In 2008 America’s elite intellectuals sold the nation an empty narrative. Using their near-monopoly power in the media our cognoscenti convinced the majority of the American people that a man who had no qualifications for the presidency could conduct the office.
Living their own secularized religious narrative they believed that America was being punished for its original sin of slavery and that the only way out of its crises was to find a man who, in his flesh, would redeem the sin.
Now that the painful truth has become so manifest that even the most blindered intellectuals can see it, elite thinkers are steeling themselves for what they sense coming: Barack Obama seems to be losing the upcoming election.
How else to explain the pre-election post-mortems coming from the liberal media? One by one they are lining up to explain how Obama failed. Some will still vote for him, some are hoping that he will pull it out, but all are conspicuously lacking in enthusiasm.
For a group that went all-in for Obama in 2008 the enthusiasm deficit is worth noting.
It is also self-serving. If our leading thinkers did not understand that Obama was an empty narrative, their judgment was severely impaired. If they believed that an empty narrative could govern the United States they were more interested in flexing their own power than in the nation’s future.
Barack Obama was created out of next-to-nothing by the media. By electing him they demonstrated their extraordinary power to manipulate public opinion.
Selling an empty narrative is far more difficult than selling a substantive product.
As a business model the mainstream print media seems no longer viable. Perhaps they are looking ahead to the day when they will need to become government employees.
If the world wakes up to the scam, the media’s reputation will be severely damaged.
Right now, by pre-emptively blaming Obama the media elites are doing their best to avoid responsibility.
Obviously, some still believe that Obama might win. Some even believe that God has sent us Hurricane Sandy to save Obama’s election chances.
Yet, they are sufficiently disappointed with the Obama performance that one wonders whether they would be happier to see Mitt Romney take over and try to pick up the pieces of a failed presidency.
With intellectuals it’s all about not leaving any fingerprints.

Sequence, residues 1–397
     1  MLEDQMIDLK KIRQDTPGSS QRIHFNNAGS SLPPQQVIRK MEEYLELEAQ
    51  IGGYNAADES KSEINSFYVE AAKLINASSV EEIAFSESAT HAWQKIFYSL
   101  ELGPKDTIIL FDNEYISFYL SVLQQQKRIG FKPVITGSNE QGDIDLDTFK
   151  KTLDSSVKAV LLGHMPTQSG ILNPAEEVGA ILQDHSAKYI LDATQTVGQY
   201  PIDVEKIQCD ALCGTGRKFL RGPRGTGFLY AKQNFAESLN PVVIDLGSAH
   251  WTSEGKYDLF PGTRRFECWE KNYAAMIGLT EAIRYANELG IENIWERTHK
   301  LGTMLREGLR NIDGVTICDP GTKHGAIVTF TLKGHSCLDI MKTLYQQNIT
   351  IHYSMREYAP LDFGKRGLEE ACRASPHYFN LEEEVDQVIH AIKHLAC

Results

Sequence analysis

Yesterday Matt Bai wrote in the New York Times that Obama has failed to govern because he has not crafted a governing narrative. Considering the source, it is worth taking notice.
Bai confesses that he has been surprised to see a man who is so good at telling stories be so incompetent at selling the narrative of his presidency.
Apparently, he is shocked to discover that the real Barack Obama has so little in common with the media narrative.
Bai makes an interesting point, even if it is poorly conceptualized.
He ought to have noted that Obama does not need to tell a story because he is a story. He is a story made flesh.
Bai would have done better to see that administrations do not need narratives as much as they need concepts.
To some it will be a distinction without a difference but, like a policy, a concept is an organizing principle. Where a policy defines a consistent pattern of behavior, a concept defines the meaning of the administration.
If Obama had had a concept, he would have done as Bai wishes he had done:
You could have imagined, at that moment, an Oval Office address, followed by a national tour, in which the new president laid out the causes and depth of the crisis he had inherited and the measures he would take over the first 18 months of his term — short-term stimulus, long-term investment, modernization of financial regulation and the tax code — to put the country on a different course. All of these policies were probably necessary, and they were probably salable too, if Obama had seen it as one of his central responsibilities to explain how they all fit together. The president and his advisers were, to be fair, inundated with the realities of multiple crises, and so Obama forged ahead with all of these policy solutions (not to mention a massive health care plan and what amounted to the temporary nationalization of the car companies), which, absent any real marshaling of public opinion, emboldened his opponents and caught much of the country by surprise.
Even if he confuses a narrative with a concept, Bai, surprisingly, overlooks the fact that Obama’s presidency does have a concept.
The real problem is that so few people want to buy it.
Call it income redistribution or social justice, but Obama has governed according to the time-honored principles of tax and spend.
It’s not so much that he wants to take from the rich and give to the poor. He prefers taking from the private sector and giving to public sector employees whose unions so generously supported him.
The most powerful moment in the first presidential debate occurred when Mitt Romney said that the concept defining the Obama administration was “trickle down government.”
It's very difficult to craft a winning narrative around the concept of trickle down government.